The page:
After writing my first novel The Perfect Murderer, I took a month to weed out filler words from the manuscript. My search was prompted by 43 Words You Should Cut From Your Writing Immediately. When I started this exercise, I thought it would take a couple of days, but after noticing about 25 other words and phrases to remove I continued to plug away. Two months later, my manuscript was 9,000 words shorter.

I moved on to hunt for hyphens—words that need them, and those that don’t. This was time-consuming to do, and very boring too with none of the joy of creative writing. It set me to thinking about how differently I feel about a novel at different stages of writing it, then doing multiple edits, while trying to interest literary agents and publishers in it.

I’m a pantser as a writer, plotting loosely while still having a firm idea of what the overall themes will be. In making outline notes for a novel, I do more sketching of the natures of my characters than making a detailed plot. My protagonists direct the story as much as me. This planning stage feels a bit like drawing a rough diagram of a building on a scrap of paper, something that I will inhabit with fictional people who’ll construct the walls for me.

Actually writing a novel, I feel both involved and removed from the process. My characters sometimes do things that I haven’t anticipated, but which are true to their natures. Writing a crime novel means strewing red herrings all over the place, as detectives try to work out what’s going on, so I don’t worry too much about mazes and dead-end corridors that appear. All the same, it can feel a bit like directing the building of my house/novel from a distance. Reading through the latest chapters at the end of the day, to see if it makes sense, is like trying to learn the layout of a new building.

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Once finished, upon typing The End the editing begins. I become a building inspector, correcting features of my story-house—moving an illuminating window from one chapter to another, to reveal details that made my murderer act the way that he did. Overall, it looks like my story works, but as with any newly-built house, I know there’ll be plenty of bedding-in to come, with further adjustments needed.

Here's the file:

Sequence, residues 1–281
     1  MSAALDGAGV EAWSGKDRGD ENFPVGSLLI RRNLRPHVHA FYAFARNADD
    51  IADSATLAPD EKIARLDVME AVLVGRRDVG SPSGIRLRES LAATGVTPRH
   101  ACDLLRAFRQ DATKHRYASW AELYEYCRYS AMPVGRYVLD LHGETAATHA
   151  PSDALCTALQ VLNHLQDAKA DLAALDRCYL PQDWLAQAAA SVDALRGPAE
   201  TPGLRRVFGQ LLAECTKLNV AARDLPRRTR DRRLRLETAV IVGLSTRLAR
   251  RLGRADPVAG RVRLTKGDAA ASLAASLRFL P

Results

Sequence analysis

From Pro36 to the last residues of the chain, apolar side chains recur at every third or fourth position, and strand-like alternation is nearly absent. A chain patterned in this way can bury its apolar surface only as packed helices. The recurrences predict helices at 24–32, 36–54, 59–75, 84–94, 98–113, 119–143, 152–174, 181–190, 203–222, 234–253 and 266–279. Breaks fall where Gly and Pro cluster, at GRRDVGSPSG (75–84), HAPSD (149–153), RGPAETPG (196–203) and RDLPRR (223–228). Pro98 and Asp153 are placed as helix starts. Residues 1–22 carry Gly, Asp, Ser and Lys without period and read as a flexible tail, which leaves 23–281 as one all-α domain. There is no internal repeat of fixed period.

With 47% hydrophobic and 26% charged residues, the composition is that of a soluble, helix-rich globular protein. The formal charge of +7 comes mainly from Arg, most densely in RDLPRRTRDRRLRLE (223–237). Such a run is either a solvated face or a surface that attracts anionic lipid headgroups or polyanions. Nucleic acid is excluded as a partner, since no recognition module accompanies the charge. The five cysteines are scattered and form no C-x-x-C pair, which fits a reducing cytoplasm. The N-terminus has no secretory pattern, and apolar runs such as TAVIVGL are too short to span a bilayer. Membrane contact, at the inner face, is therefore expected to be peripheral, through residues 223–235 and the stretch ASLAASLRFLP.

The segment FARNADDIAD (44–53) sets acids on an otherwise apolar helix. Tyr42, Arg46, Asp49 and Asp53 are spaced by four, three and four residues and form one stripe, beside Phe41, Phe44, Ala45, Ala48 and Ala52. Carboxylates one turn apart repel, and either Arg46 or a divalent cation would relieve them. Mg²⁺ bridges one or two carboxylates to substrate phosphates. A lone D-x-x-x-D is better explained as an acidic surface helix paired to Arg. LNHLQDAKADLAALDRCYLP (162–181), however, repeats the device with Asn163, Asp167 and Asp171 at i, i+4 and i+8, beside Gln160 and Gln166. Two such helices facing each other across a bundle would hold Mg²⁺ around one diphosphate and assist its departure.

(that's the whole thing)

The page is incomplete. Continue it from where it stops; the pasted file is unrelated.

Trying to flog the novel to literary agents, through queries and submissions of a writing sample from my story, requires so much polishing and hard work for so little response, that I feel like the world’s worst double-glazing salesman. While trying to ingratiate myself with these gatekeepers, my story house sits neglected and empty with no visitors. I don’t read it anymore, and though I’m proud of my creation, it’s also a museum of old thoughts. I want to make something new.

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Tired of scrutinising my manuscript, which feels more like a forensic examination of each and every brick for integrity, I yearn for fresh writing challenges. I’ve become numb to whether the story works as a story, after picking sentences and individual words apart with tweezers and scalpel.

So, my novel has gone from a rough sketch to a building project followed by a second-fixing, correction, mopping-up exercise, onto being a product that I hawked from door to door, before I turned neurotic, micro-managing the elements that I used to construct my monster like Doctor Frankenstein.

Have any of you gone through similar shifts of attitude to their work?